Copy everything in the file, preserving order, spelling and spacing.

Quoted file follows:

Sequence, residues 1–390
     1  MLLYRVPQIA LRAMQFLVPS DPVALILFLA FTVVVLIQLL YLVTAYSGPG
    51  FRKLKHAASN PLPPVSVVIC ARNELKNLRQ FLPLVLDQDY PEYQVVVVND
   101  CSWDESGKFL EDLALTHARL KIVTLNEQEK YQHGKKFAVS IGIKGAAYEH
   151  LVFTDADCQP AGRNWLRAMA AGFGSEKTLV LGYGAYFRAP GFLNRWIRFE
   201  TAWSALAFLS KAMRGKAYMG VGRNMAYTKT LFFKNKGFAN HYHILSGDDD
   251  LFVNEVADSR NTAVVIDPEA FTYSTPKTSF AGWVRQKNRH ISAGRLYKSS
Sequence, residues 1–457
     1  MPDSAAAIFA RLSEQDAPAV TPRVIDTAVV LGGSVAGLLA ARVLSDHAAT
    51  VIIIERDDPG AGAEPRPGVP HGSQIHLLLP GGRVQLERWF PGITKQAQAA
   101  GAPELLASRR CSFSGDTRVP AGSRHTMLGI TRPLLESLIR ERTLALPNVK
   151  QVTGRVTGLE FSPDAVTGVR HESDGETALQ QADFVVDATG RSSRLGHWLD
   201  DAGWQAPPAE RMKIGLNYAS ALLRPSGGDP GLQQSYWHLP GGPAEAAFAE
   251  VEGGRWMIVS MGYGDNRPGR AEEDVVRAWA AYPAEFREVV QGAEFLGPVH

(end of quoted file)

Sequence, residues 1–390
     1  MLLYRVPQIA LRAMQFLVPS DPVALILFLA FTVVVLIQLL YLVTAYSGPG
    51  FRKLKHAASN PLPPVSVVIC ARNELKNLRQ FLPLVLDQDY PEYQVVVVND
   101  CSWDESGKFL EDLALTHARL KIVTLNEQEK YQHGKKFAVS IGIKGAAYEH
   151  LVFTDADCQP AGRNWLRAMA AGFGSEKTLV LGYGAYFRAP GFLNRWIRFE
   201  TAWSALAFLS KAMRGKAYMG VGRNMAYTKT LFFKNKGFAN HYHILSGDDD
   251  LFVNEVADSR NTAVVIDPEA FTYSTPKTSF AGWVRQKNRH ISAGRLYKSS
Sequence, residues 1–457
     1  MPDSAAAIFA RLSEQDAPAV TPRVIDTAVV LGGSVAGLLA ARVLSDHAAT
    51  VIIIERDDPG AGAEPRPGVP HGSQIHLLLP GGRVQLERWF PGITKQAQAA
   101  GAPELLASRR CSFSGDTRVP AGSRHTMLGI TRPLLESLIR ERTLALPNVK
   151  QVTGRVTGLE FSPDAVTGVR HESDGETALQ QADFVVDATG RSSRLGHWLD
   201  DAGWQAPPAE RMKIGLNYAS ALLRPSGGDP GLQQSYWHLP GGPAEAAFAE
   251  VEGGRWMIVS MGYGDNRPGR AEEDVVRAWA AYPAEFREVV QGAEFLGPVH